According to city directories Mrs. Goodfellow moved her shop several times in over five decades: 64/68 Dock street “near Second street, south side,” 134 South Second, and finally 91/71 Sixth Street “between Spruce and Pine Streets.” She also changed her job title.  For thirty-five years and at the three locations, she was a “pastry cook,then she became a “confectioner” in 1837 and the shop was renamed E. Goodfellow & Son (she was 69, Robert 32). When she personally was no longer listed, by age 80, the store became Goodfellow & Coane.  Generally she was listed as Elizabeth over the years, except the four years she was Eliza Cone, and once, when she appeared as Eliza Pearson in the listing and Elizabeth in the index of the 1801 directory.  She may have been working or owned a shop before 1801 (actually 1800 since they collected the data the previous year, when she was about 33 years old) but several years are not currently online.

“Mrs. Goodfellow, who was for many years in this city, pre-eminent in the art of cooking,” had a reputation for training her workers.  In 1843, a rival Philadelphia baker advertised for “a journeyman baker” stating that “one who has served time with Parkinson or Mrs. Goodfellow would be preferred.”  Her shop was robbed in 1832, giving a reporter the chance to play with her name. A “bad fellow” took the money drawer with ten to twelve dollars from “Good Fellow;” he was chased and captured by a “good fellow.” [6,17,16]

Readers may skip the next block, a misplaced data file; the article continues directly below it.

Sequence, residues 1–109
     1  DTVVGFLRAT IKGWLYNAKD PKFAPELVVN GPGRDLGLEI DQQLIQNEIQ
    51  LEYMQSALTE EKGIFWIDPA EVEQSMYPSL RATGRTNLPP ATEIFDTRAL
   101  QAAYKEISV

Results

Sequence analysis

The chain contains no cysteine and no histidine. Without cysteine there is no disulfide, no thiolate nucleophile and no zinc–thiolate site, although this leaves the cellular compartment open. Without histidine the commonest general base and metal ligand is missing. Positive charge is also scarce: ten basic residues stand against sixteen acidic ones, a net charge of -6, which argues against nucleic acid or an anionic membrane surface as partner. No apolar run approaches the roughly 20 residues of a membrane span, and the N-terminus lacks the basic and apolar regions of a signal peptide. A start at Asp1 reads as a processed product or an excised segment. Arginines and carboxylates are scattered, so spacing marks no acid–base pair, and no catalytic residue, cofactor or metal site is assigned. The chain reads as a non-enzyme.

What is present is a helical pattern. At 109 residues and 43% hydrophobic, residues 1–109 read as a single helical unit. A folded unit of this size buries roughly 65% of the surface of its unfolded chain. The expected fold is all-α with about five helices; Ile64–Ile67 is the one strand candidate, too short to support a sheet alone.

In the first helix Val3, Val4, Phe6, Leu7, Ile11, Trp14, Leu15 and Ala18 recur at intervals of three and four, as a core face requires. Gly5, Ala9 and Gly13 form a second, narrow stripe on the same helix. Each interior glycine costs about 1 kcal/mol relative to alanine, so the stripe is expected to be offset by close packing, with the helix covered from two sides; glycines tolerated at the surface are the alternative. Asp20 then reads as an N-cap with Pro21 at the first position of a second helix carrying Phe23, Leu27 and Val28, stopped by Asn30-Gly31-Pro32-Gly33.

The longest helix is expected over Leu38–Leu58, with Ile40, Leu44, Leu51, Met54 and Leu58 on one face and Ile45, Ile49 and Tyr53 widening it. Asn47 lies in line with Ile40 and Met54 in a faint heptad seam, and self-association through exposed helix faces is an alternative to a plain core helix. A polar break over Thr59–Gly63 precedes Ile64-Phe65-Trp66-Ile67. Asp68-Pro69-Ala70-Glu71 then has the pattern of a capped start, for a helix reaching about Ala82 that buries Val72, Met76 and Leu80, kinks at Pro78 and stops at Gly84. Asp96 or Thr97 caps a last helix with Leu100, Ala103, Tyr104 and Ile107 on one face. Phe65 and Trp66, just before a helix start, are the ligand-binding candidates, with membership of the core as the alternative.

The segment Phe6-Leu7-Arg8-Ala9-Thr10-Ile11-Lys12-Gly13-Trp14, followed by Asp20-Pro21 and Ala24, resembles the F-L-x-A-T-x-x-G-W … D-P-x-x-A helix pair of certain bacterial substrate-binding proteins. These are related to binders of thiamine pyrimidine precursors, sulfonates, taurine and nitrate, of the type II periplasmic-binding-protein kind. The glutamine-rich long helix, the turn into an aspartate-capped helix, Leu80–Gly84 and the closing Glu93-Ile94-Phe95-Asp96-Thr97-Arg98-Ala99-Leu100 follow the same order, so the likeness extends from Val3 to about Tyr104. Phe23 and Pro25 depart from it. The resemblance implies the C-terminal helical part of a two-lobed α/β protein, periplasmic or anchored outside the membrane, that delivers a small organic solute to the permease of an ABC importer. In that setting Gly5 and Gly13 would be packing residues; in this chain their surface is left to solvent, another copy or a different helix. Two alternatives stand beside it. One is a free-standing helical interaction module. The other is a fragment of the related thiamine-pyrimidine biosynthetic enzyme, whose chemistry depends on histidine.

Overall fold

Cooking school

For thirty years Mrs. Goodfellow taught "her art in Philadelphia, with unexampled success," according to Eliza Leslie. Susan Israel graduated in 1807 (as Mrs. Coane, and probably held classes a few years earlier), so Goodfellow probably stopped when she moved to the Sixth Street location by 1835.  “Mrs. Goodfellow was quite celebrated in Philadelphia…[as]…the head of a famous cooking school class.”  It was “an institution, peculiar to Philadelphia, which may be termed ‘A Cooking School for Young Ladies,’ where practical instruction was given in the mysteries of making cakes, pastry, preserves, &c.” [7,1,2,4]  

“Her pupils were the daughters of our best citizens,” recalled a sister of one of her students. Taking cooking classes was “considered then the last touch to their education preparatory to entering society.”  In addition to daughters of the local well-to-do, there were numerous boarding schools which attracted students from nearby states, or like Leslie, daughters of craftsmen and boardinghouse managers.  After attending Mrs. Goodfellow’s classes “many a household, for years after, bore evidence of her skill in teaching.”  Some of her students may not have been as interested in baking and cooking as Eliza Leslie, who later recalled that her “instructress, the late Mrs. Goodfellow, remarked, in allusion to the dullness or silliness of some of her pupils, ‘It requires a head even to make cakes.’" [11,1,6] 

The students “gained a thorough knowledge of cooking — from soups and the ‘Staff of life’ [bread] to plum-pudding and Queen cakes.”  “Her especial talent was in the making of fine cakes and pastry, though she also gave occasional instruction in the preparing of boned turkey, salads, and the like.” Another source stated “…boning a turkey gave one a diploma at this celebrated school.”  Mrs. Goodfellow, “the liberal and honest instructress [felt] that her scholars should learn in reality."  Thus, there was actual cooking over the fire and in the bake ovens. Perhaps she had a brick stew stove or confectioner’s stove. Each course must have been slightly different, since Eliza Leslie wrote that she took two terms, and certainly would not have said that if they were the same.  [1,11,7]